Today’s post is a guest post by Caroline Mackey. Caroline was one of the most supportive people when my husband had his major flare up with arthritis due to Crohn’s/colitis. She has transformed her body from sick to healthy, learning how to make this change in a sustainable way and reliving her body from chronic pain through food.
Your lovely blog host and I have bonded over the years in our mutual quest for living a healthy, happy lifestyle. For me, being healthy has been a lifelong struggle. When I was in grade school I had an accident where I broke my back, which left me much less mobile and active. Over the years following, my weight crept up and up, and by high school I was an obese teenager. This continued throughout university and into my 20’s. And like many others out there, I tried many, many times to lose weight and get healthy. I would start, make an effort, fail and fall off the wagon. This cycle was repeated more times than I care
to count, and each time it was harder and harder to put myself back on track.
The breaking point for me was about six years ago. I was a workaholic, stressed beyond the max with personal and work challenges, and I got a really bad stomach flu. Or at least that’s what I thought. I went to the doctor, it did not get better, and I kept going back again and again. After several weeks with this, I woke up one morning, opened my eyes, and it was hazy. Blinking did not help – my sight was going. Needless to say my body had gotten pretty deteriorated and this was the last straw; I ended up in the hospital. I was ultimately diagnosed with Crohn’s disease. Suddenly, taking care of myself had become a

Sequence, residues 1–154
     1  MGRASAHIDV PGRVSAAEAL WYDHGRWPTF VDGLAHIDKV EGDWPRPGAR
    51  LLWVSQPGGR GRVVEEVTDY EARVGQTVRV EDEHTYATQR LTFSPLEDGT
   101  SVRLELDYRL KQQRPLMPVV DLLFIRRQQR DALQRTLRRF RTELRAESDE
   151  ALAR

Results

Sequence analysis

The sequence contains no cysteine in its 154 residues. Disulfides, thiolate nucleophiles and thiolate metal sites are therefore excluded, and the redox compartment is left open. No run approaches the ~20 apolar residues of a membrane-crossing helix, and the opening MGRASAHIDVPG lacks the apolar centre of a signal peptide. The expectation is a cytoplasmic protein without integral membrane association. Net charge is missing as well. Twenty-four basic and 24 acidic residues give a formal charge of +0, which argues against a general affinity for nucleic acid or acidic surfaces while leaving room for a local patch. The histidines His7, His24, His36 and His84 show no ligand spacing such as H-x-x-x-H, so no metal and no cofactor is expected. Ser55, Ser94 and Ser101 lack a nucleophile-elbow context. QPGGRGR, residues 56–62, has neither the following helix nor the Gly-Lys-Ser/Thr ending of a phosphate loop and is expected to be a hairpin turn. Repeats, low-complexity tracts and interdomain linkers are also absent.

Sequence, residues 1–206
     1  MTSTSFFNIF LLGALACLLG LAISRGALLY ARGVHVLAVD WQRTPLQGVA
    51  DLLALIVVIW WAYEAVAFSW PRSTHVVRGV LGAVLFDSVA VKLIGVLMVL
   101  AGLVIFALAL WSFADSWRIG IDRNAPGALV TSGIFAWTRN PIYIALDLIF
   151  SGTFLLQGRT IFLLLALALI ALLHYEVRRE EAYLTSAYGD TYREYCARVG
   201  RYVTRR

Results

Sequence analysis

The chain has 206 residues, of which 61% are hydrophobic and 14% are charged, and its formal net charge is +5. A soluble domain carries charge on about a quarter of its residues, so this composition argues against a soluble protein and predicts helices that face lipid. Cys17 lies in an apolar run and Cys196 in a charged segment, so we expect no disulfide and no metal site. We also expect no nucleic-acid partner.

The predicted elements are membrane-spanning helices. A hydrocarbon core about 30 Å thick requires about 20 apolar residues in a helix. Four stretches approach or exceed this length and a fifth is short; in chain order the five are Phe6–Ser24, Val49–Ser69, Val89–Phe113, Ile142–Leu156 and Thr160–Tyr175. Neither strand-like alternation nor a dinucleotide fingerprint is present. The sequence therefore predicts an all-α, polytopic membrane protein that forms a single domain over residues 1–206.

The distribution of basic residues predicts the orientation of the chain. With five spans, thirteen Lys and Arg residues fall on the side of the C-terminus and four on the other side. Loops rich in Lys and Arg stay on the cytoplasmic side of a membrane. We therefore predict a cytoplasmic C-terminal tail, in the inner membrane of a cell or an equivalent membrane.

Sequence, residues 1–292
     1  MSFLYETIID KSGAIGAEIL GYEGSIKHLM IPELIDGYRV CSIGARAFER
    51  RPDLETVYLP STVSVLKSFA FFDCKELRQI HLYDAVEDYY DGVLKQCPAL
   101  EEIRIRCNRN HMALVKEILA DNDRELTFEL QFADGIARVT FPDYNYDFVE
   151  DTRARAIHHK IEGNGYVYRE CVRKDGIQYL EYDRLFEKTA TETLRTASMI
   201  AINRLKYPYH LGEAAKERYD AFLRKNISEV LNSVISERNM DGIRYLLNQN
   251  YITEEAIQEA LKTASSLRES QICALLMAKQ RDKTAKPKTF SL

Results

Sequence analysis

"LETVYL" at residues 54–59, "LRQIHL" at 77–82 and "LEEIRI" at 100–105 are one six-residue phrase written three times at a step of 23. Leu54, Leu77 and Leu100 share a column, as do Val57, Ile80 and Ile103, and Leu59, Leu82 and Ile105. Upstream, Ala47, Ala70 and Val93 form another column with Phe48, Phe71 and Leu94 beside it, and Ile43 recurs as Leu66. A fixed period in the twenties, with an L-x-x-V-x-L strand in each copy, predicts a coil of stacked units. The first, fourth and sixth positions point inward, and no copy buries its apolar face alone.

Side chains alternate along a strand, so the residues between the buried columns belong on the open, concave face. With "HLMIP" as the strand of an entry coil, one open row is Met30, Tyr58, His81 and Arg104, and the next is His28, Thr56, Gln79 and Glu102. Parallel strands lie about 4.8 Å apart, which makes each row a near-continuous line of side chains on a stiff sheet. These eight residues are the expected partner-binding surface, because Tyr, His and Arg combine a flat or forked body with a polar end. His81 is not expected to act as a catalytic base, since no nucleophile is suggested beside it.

lot more important.
I distinctly remember being given the diagnosis by the doctor, and him telling me to look it up online for information. Seriously? Look it up online? Looking back, this is really where the journey to me getting healthy started. It was my first inkling that the medical community, while helpful in certain contexts, was not going to be the best or only resource for me. I ended up on a treatment that managed my stomach symptoms, but I was constantly in joint pain. It was hard to walk, and everything hurt all over all the
time. And the doctors ultimately said I just needed to take pills to manage the pain.